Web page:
Regular moderate exercise helps ward off frailty among older adults
Regular physical activity (PA) may help decrease the risk of physical, psychological and social frailty among older adults, a recent study has found.
Researchers conducted a longitudinal cohort analysis of 1,735 community-dwelling elderly adults (mean age, 79.6±5.5 years; 61.1 percent female). The frequency of moderate PA at enrolment was self-reported and categorized as regular or low frequency. The patterns of change in frequency over 12 months was classified into four: continued regular frequency, decreased frequency, continued low frequency and increased frequency.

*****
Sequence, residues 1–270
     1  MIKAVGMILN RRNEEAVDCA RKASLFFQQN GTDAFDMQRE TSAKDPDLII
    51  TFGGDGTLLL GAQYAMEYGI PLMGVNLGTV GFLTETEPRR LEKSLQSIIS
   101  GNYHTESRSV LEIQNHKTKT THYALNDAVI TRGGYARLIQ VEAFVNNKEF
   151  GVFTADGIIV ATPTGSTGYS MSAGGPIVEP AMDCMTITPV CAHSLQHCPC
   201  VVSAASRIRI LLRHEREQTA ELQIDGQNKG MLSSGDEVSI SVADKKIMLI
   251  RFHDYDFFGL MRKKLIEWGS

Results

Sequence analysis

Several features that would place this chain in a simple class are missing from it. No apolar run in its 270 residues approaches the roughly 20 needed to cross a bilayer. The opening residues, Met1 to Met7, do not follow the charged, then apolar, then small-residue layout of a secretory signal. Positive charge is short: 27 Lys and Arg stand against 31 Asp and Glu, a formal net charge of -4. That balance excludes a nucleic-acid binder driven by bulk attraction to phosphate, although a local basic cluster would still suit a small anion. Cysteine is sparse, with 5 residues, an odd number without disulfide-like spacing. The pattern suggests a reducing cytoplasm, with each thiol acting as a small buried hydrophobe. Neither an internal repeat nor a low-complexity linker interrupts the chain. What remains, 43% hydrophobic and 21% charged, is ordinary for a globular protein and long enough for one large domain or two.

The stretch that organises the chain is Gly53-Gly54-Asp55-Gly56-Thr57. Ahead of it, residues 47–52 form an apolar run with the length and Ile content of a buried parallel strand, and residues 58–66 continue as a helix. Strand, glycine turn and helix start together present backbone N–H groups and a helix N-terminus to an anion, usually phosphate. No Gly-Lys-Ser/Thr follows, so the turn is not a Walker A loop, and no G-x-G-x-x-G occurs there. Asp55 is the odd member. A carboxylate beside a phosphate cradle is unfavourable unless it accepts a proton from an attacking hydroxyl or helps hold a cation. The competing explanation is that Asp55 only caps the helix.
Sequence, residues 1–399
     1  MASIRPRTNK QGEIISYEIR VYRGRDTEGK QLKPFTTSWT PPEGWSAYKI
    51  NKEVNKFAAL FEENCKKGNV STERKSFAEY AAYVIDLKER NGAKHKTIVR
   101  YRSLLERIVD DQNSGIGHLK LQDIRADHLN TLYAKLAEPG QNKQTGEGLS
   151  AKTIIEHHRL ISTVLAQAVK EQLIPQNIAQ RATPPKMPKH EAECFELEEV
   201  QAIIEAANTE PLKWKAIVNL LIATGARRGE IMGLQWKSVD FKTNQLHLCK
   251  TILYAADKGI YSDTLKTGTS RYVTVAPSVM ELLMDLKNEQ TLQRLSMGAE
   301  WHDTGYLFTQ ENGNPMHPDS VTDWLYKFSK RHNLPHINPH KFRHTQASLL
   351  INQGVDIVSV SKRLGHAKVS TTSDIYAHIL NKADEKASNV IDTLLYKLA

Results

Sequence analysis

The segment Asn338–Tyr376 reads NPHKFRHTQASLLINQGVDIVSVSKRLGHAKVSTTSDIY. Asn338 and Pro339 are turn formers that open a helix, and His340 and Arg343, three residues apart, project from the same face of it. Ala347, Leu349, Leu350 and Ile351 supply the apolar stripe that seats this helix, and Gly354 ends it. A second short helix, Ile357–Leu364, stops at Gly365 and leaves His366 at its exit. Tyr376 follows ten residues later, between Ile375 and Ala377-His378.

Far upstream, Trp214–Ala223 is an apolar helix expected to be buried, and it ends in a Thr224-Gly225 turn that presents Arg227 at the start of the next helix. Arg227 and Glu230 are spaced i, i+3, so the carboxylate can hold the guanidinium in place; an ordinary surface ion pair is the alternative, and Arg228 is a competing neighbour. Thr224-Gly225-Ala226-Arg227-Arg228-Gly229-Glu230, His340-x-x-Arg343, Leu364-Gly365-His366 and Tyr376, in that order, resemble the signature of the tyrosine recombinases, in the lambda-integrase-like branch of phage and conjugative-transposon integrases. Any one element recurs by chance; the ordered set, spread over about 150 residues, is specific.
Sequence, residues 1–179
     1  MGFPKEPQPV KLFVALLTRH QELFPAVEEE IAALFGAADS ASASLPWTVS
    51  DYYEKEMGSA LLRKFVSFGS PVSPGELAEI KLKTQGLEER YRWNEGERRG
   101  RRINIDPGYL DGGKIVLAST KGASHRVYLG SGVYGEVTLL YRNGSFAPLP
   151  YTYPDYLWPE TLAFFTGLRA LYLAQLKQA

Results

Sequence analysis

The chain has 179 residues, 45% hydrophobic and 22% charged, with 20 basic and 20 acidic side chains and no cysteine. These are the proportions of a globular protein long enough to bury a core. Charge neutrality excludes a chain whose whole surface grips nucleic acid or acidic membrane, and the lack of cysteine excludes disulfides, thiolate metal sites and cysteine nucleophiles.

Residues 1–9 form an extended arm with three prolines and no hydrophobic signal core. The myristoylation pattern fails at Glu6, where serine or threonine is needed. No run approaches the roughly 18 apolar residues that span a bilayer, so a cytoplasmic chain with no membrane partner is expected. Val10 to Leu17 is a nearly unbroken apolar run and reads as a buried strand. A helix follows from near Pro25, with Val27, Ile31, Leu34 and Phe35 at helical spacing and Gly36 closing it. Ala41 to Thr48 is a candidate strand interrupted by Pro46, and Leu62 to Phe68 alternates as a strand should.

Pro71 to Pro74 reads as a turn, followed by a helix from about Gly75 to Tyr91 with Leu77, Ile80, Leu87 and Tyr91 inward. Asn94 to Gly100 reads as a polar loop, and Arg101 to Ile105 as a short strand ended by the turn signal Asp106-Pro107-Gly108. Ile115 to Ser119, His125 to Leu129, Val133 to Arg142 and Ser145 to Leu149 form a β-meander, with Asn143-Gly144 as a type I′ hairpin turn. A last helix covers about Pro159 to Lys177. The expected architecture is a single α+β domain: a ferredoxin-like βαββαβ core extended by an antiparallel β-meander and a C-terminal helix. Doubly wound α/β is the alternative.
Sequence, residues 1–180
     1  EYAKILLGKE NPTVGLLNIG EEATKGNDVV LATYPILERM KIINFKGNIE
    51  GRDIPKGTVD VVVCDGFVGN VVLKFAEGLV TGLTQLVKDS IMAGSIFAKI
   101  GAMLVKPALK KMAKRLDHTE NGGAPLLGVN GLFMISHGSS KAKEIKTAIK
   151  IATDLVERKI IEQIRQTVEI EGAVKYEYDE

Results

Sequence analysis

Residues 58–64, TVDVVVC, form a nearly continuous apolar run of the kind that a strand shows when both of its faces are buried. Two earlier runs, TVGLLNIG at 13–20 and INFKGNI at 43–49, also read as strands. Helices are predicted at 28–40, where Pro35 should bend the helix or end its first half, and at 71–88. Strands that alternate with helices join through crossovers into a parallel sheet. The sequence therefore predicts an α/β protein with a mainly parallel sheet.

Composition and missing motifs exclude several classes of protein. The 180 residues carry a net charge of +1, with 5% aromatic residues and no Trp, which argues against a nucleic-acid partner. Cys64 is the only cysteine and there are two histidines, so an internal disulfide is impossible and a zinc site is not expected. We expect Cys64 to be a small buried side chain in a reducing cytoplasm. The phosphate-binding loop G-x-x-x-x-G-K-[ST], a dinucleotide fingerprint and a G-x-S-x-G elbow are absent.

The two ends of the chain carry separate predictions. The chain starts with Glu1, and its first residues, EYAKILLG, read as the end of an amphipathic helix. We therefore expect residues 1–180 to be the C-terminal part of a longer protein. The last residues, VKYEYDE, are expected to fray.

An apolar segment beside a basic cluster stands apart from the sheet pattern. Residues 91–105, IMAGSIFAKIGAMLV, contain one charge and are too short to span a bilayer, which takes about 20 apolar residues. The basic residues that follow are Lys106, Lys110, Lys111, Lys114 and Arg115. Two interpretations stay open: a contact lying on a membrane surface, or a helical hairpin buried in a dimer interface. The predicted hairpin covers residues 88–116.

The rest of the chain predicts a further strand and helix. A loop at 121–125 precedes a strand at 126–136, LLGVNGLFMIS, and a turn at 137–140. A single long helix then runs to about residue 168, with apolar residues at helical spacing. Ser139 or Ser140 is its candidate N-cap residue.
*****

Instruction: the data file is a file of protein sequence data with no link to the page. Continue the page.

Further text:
At baseline, the overall frailty scores, as assessed according the Tilburg Frailty Indicator, were 4.45±2.91 and 6.69±3.07 in participants who had regular and low frequencies of moderate PA, respectively. At the 12-month follow-up, the corresponding scores changed to 4.56±3.16 and 6.80±3.27.
In terms of PA changes over time, those who maintained their frequent moderate PA habit were the least frail, while those who continued to engage in moderate PA at low frequencies were the frailest. Those who started doing moderate PA more over time became less frail than they were at baseline. The opposite was true for those who scaled back.
This was confirmed in multivariate linear regression models. Relative to those who were consistent with regular moderate PA, those whose exercise frequencies dropped (B, 1.31, 95 percent confidence interval [CI], 0.99–1.63; p<0.001) and who continued to exercise infrequently (B, 1.16, 95 percent CI, 0.84–1.49; p<0.001) were significantly more likely to be frail.